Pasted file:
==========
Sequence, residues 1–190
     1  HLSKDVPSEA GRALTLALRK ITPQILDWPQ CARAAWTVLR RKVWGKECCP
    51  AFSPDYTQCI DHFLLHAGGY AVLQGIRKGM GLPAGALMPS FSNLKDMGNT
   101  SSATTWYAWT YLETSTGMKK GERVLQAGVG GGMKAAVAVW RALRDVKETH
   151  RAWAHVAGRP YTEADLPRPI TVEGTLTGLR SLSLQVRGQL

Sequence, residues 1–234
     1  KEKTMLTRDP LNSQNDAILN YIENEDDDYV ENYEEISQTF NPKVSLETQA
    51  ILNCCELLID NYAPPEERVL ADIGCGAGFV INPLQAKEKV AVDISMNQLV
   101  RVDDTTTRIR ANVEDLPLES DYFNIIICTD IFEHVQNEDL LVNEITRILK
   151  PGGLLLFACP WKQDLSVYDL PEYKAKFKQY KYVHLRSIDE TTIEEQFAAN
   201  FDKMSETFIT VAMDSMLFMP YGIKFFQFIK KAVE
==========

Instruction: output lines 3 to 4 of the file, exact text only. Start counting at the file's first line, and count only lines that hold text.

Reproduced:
    51  AFSPDYTQCI DHFLLHAGGY AVLQGIRKGM GLPAGALMPS FSNLKDMGNT
   101  SSATTWYAWT YLETSTGMKK GERVLQAGVG GGMKAAVAVW RALRDVKETH